On August 29, 1958 Mr. Nils BOHLIN (or rather his employer VOLVO) filed a Swedish patent application for a so-called 3 ponits safety belt. Today the safety seatbelt is so commonplace that one has the impression that it has always existed, while despite its simplicity a posteriori, it is undeniably an invention that has given a considerable advance. By 1961, more than three quarters of new cars were equipped with seatbelts. The same belt is found in cars manufactured every day.
It may also be the case for some of the solutions you have imagined, but which would difficult to market without a patent.
Nils BOHLIN was already inventor nominated in more than fifteen patent applications at the time of the patent application on the safety seat belt. He was previously an avionics engineer for the company SAAB (SVENSKA AEROPLAN AKTIEBOLAGET), applicant of the aforementioned patent applications. After working on ejector seats and their belts, Nils BOHLIN would have been hired by VOLVO to work on car seatbelts, which turned out to be a great success. Nils BOHLIN wanted to provide a belt that would “hold the upper and lower body in a physiologically favourable manner and is easy to connect and disconnect”.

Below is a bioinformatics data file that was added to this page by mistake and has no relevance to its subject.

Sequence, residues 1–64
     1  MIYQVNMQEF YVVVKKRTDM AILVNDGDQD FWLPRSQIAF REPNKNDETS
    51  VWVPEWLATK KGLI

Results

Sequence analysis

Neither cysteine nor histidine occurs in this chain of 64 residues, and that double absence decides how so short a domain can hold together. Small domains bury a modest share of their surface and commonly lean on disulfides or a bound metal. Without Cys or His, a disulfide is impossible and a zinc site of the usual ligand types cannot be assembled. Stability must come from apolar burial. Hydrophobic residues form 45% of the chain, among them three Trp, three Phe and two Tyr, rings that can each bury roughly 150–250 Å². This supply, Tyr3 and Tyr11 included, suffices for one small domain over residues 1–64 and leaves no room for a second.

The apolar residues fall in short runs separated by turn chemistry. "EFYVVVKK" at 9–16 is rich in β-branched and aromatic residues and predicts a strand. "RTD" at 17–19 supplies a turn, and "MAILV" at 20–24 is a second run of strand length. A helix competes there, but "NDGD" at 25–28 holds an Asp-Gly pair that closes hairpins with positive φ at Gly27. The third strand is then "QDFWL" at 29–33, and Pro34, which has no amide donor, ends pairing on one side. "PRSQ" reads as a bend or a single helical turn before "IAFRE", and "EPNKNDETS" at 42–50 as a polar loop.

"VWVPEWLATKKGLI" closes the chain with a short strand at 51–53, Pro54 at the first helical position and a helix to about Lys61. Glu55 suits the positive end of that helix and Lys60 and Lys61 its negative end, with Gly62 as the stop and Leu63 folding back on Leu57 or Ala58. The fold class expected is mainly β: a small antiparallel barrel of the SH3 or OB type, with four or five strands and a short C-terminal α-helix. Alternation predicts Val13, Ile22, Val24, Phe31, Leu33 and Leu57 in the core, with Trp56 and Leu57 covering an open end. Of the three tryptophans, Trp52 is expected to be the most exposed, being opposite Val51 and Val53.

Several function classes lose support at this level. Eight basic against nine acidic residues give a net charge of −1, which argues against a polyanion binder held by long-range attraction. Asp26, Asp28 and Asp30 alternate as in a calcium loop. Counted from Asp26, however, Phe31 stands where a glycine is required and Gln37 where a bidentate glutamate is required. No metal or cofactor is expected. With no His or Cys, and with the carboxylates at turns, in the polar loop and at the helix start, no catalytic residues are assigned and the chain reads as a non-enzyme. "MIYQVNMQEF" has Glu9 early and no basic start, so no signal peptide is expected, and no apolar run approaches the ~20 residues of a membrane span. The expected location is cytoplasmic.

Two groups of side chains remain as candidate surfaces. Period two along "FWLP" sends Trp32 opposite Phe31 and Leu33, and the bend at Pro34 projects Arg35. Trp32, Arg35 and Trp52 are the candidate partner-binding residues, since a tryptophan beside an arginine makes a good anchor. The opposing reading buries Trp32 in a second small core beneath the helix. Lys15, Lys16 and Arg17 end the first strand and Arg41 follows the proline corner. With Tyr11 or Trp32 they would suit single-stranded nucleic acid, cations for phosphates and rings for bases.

The seat belt, however, took a long time to be accepted.
BOHLIN had to demonstrate the effectiveness of his seatbelt in a study of 28,000 accidents in Sweden. He presented a paper at the 11th Stapp Car Crash Convention. The unattached occupants sustained fatal injuries throughout the speed scale, while none of the occupants with a seat belt were fatally injured at a speed below 60 mph. In addition, no occupants fastened to the belt were fatally injured when the cockpit remained intact.
This study resulted in the US Department of Transportation requiring three-point seat belts being mandatory in American cars. And it was not until 1976 that the use of the seatbelt was made mandatory in Germany.
This is how a little idea turns the world around…